Vacuum chambers are designed to remove all materials, particles, contaminants, and other matter in an environment under low pressure. The process produces a condition where there is no living matter. When moisture and air pockets are removed, it also removes any microbial contamination.
In the manufacture of medical instruments, before being packaged, they are placed in a vacuum chamber under low pressure to remove any bacteria, fungi, viruses, or other contaminants. This ensures that the equipment is parasite and bacterial free before being shipped for use.
The use of vacuum chambers for cooling is a rapid removal of moisture from products with a high water content. As the pressure lowers, moisture is released, which also causes heat to be lost. The lowered pressure, aside from removing moisture, also takes away any energy in the product in the form of heat that creates rapid cooling.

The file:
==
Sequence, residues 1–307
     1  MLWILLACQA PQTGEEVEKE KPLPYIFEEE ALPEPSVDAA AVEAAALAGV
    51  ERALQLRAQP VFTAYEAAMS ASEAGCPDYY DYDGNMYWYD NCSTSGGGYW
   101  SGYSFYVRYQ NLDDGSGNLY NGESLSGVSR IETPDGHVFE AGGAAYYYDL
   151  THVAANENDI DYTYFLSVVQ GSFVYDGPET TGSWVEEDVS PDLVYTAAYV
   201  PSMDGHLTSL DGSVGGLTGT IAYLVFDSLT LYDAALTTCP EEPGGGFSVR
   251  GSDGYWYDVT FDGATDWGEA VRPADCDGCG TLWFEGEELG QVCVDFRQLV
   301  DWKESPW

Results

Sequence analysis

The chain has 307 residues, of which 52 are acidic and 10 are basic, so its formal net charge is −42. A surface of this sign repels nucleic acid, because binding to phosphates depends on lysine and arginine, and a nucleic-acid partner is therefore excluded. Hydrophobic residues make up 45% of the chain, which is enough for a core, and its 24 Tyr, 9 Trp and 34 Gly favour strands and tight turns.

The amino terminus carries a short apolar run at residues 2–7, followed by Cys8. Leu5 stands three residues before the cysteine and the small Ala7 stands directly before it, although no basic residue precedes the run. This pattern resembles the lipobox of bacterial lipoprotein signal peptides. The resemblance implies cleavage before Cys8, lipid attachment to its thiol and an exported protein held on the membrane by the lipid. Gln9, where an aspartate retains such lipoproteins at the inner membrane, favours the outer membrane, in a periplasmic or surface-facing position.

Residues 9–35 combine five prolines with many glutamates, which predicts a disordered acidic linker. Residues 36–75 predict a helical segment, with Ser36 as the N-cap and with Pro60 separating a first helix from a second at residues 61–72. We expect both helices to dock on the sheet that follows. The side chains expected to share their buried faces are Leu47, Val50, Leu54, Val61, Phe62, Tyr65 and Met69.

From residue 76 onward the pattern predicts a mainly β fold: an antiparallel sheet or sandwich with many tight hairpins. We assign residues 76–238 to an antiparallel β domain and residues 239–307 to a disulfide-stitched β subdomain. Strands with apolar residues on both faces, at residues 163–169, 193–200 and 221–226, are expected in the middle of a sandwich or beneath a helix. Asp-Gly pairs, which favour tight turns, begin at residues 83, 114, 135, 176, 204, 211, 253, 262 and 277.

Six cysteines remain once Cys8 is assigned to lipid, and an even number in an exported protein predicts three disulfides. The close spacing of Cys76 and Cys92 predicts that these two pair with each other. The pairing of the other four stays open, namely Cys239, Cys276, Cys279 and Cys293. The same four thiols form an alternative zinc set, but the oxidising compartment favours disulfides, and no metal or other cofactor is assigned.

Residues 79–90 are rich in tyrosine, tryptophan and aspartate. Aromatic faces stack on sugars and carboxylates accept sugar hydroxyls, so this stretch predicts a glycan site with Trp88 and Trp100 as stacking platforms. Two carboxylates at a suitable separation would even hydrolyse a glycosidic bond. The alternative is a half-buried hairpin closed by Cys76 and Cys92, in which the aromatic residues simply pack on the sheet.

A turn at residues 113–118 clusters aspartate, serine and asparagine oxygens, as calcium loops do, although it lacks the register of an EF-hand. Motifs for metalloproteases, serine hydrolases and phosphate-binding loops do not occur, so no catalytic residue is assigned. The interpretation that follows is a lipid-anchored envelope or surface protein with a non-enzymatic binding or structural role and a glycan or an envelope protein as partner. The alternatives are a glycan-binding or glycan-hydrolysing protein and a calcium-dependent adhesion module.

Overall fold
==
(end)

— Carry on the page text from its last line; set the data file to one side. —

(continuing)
The process of vacuum cooling takes approximately 15 to 30 minutes. The method cools products uniformly and evenly, which adds to their shelf life. An added benefit of vacuum cooling is its cost effectiveness since it requires far less energy than traditional cooling methods.
Chapter Five – Vacuum Chamber Design
There are several considerations that have to be explored when choosing or designing a vacuum chamber. The first concern is materials that are capable of withstanding the amount of pressure created. Design flaws can debilitate the ability of the chamber to perform properly and complete its desired function.
A well designed and constructed vacuum chamber is capable of providing accurate and repeatable functions. When examining the available chambers, the things that need to be examined are the shape of the chamber, types of materials, the various structural components, surface finish, and the control mechanism.
Vacuum Chamber Design